The Business of Cancer Control After a Pandemic

The American Cancer Society details the need to get back to cancer screenings.

Thanks to the generous support of business and community leaders in New Jersey, the American Cancer Society and our advocacy affiliate, ACS CAN (American Cancer Society Cancer Action Network), have emerged from the pandemic strong. Now more than ever, our organization is sharply focused on increasing cancer screenings, improving health equity, and accelerating research breakthroughs that save lives.

There is no more urgent cancer issue than getting people back to cancer screening tests in order to detect cancer early when it is easiest to treat. Cancer deaths have declined 41% since 1989 – that’s 3.2 million deaths averted – largely due to cancer screening tests that detect pre-cancerous changes and early cancer. In the last 18 months, we’ve witnessed a staggering decline in cancer screening as medical appointments were interrupted due to COVID-19.

This year, the American Cancer Society launched a multifaceted Get Screened Initiative, working with local healthcare partners, and supported by corporate sponsors including Genentech, a member of the Roche Group, the National Football League (NFL), Merck, Novartis Oncology, Pfizer Oncology, BD (Becton, Dickinson and Company), AmerisourceBergen, Intuitive, and Roche Diagnostics. Employers can join this movement by leveraging opportunities such as the annual enrollment period and awareness months to encourage employees to talk to their doctors about scheduling regular screening tests to monitor their health and catch cancer early. The business community has an important role to play and much to gain through saving on healthcare costs, promoting a healthy workforce with increased productivity, and demonstrating corporate social responsibility. For a toolkit and more information, visit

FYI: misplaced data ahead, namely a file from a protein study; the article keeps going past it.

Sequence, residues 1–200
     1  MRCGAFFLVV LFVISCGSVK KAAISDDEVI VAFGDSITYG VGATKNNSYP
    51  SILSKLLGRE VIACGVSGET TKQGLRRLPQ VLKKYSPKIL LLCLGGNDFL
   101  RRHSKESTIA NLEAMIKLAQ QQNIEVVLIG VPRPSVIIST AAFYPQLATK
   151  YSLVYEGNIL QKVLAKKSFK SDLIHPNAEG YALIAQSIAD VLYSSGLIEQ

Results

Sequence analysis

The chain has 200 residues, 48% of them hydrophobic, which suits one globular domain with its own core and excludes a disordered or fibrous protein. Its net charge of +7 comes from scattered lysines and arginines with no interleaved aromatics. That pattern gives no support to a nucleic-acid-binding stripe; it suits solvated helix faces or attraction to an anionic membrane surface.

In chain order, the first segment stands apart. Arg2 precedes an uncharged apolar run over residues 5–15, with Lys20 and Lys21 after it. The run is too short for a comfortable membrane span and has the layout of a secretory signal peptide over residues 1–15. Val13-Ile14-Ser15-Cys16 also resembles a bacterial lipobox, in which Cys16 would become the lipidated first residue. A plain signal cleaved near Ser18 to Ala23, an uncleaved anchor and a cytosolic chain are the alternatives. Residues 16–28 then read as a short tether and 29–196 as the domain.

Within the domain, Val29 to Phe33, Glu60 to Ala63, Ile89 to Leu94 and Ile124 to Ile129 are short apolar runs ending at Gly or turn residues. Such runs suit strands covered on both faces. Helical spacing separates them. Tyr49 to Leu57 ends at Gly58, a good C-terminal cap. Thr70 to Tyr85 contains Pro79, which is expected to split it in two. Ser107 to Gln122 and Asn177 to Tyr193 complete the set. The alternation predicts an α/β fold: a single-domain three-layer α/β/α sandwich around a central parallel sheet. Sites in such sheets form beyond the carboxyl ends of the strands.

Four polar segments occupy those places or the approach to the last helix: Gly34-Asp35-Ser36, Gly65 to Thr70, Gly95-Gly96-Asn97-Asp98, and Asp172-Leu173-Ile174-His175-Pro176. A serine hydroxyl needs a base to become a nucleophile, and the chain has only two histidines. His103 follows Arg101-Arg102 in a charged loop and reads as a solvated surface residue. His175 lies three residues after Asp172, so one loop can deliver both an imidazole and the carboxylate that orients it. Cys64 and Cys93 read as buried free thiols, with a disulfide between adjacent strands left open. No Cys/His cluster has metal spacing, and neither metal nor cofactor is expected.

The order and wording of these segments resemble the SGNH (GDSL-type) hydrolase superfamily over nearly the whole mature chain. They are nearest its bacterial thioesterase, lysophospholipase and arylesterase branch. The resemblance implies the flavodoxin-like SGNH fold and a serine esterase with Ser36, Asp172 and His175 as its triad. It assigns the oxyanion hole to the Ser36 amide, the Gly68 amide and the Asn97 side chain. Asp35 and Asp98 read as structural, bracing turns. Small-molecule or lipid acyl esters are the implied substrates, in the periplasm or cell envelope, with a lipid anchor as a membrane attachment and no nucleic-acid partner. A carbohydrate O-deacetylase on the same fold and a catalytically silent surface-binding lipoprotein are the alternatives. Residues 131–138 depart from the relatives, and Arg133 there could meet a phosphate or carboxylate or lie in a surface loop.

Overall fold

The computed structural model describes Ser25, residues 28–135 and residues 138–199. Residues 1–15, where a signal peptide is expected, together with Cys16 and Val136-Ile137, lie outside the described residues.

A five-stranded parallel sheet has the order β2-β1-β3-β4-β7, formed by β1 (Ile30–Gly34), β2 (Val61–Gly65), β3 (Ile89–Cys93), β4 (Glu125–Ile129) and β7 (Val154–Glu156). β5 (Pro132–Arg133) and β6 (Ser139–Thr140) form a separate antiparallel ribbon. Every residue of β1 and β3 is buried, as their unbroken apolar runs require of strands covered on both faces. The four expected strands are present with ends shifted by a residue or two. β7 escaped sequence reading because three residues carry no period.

Achieving greater health equity is a top priority. If we are to achieve our vision of a world without cancer and meet our 2035 goal of reducing cancer mortality by 40%, we must reduce cancer disparities and ensure that everyone has a fair and just opportunity to prevent, find, treat and survive cancer. The American Cancer Society is funding 61 grants reflecting $48.6 million in health disparities/health equity research. This year, we launched a 10-year Diversity in Cancer Research program to offer paid biomedical research internship opportunities for people whose racial or ethnic background is underrepresented in the field. Twenty-five community and health system projects totaling more than $7.7 million funded by the ACS and Pfizer Global Medical Grants are aimed at addressing breast and prostate health disparities in the Black community. These are just a few ways we are addressing systemic issues in cancer research and care.

When the American Cancer Society faced a severe funding crisis last year, the business community responded. While we announced $33.8 million in new grants that began on July 1, 2021, we are still working to close the gap of approximately $50 million in research investments that were lost last year due to the financial impact of COVID-19. We continue making significant progress in several emerging research areas, including: the use of CDK4/6 inhibitors for the treatment of advanced, metastatic HR+/HER2- breast cancer; clinical studies using fecal microbiota transplantation to overcome immunotherapy resistance in melanoma; studying utility of liquid biopsy for cancer screening and detection; and the development of platform technologies to screen for antiviral inhibitors.

Employers and business leaders make it possible for the American Cancer Society to further progress with creative and innovative approaches to reducing cancer in New Jersey and beyond. Cancer hasn’t stopped, and neither can we.

About the Author: Dr. Arnold Baskies is: chairman of the American Cancer Society Global Cancer Control Advisory Council, and the St. Baldrick’s ACS Alliance; past chairman of the American Cancer Society National Board of Directors; and clinical professor of surgery at Rowan School of Medicine.

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